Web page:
Where to have a glass of wine in Summit County | SummitDaily.com
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Where to have a glass of wine in Summit County

The Geiger Counter’s weekend picks

Carboy Winery’s Breckenridge location is just one of a few stops in Summit County for wine connoisseurs. The wine bar has plenty of snacks and treats available to pair with its house beverages, too.
Carboy Winery/Courtesy

Don’t know what to do this weekend? Well, you’ve come to the right place. Pull up a seat to the counter, and I’ll tell you about everything that’s hot and happening.

This weekend is the first celebration of Oktoberfest in Summit County. The region is also lucky enough to have nine breweries pouring draft beer from taprooms in the area, and I have a column dedicated to covering the local scene. But sometimes — gasp — I want a break from the malty beverage.

Though Colorado isn’t known for its wine as much as states like California or Oregon, that doesn’t mean quality fermented grape juice can’t be found locally. If you want to sip on something different, here are four Summit County establishments that either make the wine themselves or are dedicated to serving the beverage.



Carboy Winery

Carboy Winery has locations in Denver, Littleton and soon Palisade, but the spot at 103 N. Main St. in Breckenridge is obviously the one I recommend. A white, red or featured wine flight of three glasses can be purchased for $15, in addition to cocktails, beer and offerings from sister brand Ten Mile Cider Co. If you can’t decide, get the wonderful syrah.

Memberships that include items such as quarterly releases and various discounts are also available for the connoisseurs.



As for food, they have charcuterie boards, snacks, bruschetta and sweets. I will almost always endorse the delicious bison carpaccio, curried cauliflower, goat tacos and burrata.

Continental Divide Winery

Part-time Breckenridge residents and California vintners Jeffrey and Ana Maltzman founded Continental Divide Winery in 2016, and in 2019, it won two of the only three gold medals awarded to Colorado wineries by the Sunset Magazine International Wine Competition.

Flights of four glasses can be purchased for $20, or you can upgrade it to a flight made up of limited releases for $30.

The winery’s Breckenridge tasting room — there is also one in Fairplay — is at 505 S. Main St. in Main Street Station. No food is available on-site, but it can be brought in from neighboring restaurants such as The Cheese Shop of Breckenridge, BoLD, Quandary Grille and more.

Like Carboy, a club is an option for folks searching for a regular wine supply or discounts in the tasting room.

Ridge Street Wine

Located at 304 S. Main St., Breckenridge, Ridge Street Wine has been a one-stop shop for those wanting to explore a wide range of varietals since 2000. Next door is partner business Breckenridge Cheese & Chocolate, which opened in 2005, to satisfy any cravings.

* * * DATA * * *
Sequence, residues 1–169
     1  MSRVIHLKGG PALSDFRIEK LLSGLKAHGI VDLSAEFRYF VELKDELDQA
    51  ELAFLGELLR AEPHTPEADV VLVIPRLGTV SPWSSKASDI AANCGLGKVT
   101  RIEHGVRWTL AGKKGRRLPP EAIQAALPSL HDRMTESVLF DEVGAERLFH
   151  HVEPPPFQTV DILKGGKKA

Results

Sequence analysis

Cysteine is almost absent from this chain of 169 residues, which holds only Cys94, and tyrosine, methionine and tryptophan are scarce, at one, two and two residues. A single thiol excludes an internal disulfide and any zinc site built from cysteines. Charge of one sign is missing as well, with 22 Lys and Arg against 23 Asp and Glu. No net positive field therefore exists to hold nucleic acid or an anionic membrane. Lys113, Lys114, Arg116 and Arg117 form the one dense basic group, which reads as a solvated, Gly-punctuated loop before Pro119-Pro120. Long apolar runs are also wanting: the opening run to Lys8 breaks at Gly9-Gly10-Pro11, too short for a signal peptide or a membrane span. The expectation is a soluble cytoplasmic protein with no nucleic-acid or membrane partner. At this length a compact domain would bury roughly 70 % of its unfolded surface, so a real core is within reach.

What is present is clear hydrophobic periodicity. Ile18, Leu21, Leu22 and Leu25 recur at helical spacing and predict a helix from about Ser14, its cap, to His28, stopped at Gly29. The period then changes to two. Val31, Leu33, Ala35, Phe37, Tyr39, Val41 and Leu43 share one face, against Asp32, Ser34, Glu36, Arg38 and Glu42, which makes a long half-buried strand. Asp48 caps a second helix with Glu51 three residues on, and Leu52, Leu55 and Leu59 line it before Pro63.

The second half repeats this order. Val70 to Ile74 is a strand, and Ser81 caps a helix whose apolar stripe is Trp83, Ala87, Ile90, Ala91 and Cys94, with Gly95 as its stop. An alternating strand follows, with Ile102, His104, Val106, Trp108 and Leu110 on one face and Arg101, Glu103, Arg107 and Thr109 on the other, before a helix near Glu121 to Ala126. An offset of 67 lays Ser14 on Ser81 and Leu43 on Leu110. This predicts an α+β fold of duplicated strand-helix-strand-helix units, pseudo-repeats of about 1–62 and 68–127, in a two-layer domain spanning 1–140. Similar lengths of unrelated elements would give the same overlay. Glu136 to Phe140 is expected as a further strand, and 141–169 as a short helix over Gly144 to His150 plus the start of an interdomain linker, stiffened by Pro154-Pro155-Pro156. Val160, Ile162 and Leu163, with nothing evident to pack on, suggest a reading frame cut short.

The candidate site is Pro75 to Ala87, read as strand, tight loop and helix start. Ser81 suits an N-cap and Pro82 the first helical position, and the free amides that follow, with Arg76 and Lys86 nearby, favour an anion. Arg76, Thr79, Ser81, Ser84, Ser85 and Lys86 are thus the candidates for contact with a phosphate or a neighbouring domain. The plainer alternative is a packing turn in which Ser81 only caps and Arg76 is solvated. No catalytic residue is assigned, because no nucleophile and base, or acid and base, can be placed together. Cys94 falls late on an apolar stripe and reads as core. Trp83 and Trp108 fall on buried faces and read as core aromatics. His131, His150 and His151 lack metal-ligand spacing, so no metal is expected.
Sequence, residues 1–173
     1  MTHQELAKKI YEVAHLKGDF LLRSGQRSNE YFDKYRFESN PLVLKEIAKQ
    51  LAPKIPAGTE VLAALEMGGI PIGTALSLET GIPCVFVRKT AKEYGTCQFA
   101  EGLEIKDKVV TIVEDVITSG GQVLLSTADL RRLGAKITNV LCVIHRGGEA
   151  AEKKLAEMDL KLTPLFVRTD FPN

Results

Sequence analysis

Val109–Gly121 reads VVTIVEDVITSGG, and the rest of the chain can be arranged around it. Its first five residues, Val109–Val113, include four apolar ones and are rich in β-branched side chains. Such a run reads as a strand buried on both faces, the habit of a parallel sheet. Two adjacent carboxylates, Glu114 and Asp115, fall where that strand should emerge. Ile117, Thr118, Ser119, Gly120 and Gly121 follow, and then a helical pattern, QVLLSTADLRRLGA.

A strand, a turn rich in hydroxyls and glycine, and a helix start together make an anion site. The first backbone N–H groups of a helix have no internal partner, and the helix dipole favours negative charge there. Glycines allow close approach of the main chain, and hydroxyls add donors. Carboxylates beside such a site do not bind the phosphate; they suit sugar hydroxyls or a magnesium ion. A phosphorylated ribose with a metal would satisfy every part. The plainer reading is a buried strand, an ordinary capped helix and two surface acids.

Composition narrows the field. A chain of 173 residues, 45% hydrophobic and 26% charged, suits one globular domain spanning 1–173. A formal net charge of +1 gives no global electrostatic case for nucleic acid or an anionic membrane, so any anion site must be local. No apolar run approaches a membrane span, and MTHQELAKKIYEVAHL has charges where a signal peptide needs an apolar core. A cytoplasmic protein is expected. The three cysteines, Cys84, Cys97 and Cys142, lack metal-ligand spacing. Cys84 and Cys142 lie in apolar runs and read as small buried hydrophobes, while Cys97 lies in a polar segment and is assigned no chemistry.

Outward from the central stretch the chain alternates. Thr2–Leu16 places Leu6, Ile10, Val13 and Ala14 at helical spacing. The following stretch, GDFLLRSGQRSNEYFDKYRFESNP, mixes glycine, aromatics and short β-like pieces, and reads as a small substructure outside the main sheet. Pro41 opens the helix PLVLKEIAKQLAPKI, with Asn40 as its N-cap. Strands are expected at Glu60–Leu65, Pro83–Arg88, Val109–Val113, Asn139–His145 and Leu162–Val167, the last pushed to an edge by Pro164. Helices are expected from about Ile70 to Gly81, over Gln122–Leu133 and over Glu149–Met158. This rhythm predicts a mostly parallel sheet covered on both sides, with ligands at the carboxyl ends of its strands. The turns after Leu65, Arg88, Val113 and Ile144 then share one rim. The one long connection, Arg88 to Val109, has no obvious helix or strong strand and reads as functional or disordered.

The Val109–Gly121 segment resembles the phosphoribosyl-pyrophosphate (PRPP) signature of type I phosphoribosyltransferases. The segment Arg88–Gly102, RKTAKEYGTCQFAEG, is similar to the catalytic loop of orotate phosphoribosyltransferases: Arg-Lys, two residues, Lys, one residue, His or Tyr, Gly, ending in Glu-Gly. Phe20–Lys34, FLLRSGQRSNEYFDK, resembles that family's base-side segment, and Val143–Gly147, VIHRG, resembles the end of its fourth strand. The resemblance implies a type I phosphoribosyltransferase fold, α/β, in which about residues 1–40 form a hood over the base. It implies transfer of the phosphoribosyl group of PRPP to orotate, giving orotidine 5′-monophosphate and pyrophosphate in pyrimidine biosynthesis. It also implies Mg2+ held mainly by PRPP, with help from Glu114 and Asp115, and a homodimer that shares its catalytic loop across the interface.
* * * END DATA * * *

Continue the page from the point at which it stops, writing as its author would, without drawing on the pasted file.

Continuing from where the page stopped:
Combine the two to enjoy samples in the tasting room, and then buy your favorite — along with crackers, jams and other goodies like cheese and chocolate — for parties or gifts. On summer weekends, they served mini-buckwheat waffles, smoked salmon, banana bread and coffee in the mornings.

Saved By the Wine

More baked goods and delectable treats to pair with wine from all over can be found at Saved by the Wine, 765 W. Anemone Trail in Dillon. The wine bar and bakery opened in 2020 and serves up items like sweet and savory pies, charcuterie boards and build-your-own s’mores.

Wine is the main attraction, with a menu broken down by red, white, rose, dessert and bubbles, but the establishment also has a full bar with beer, cocktails and nonalcoholic beverages.

Also worth mentioning is trivia each Tuesday, a European-style brunch on weekends and yoga with mimosas on Saturdays. Best of all, a portion of profits is donated to animal shelters.

Jefferson Geiger
What I’m Watching

Stanley Tucci: Searching for Italy”

Italy, the largest wine-producing country in the world, is a culinary destination for all sorts of palates. One could try to absorb guidebook after guidebook in preparation for a visit, or one could watch the wonderful actor Stanley Tucci explore his heritage, cuisine and culture

Similar to the always-wonderful “Parts Unknown,” Tucci heads to a recognizable place — such as Rome, Milan or Tuscany — but then dives deeper into hidden gems.

The first season on CNN had only six episodes, but it was nevertheless satisfying. Now we wait for the second course.


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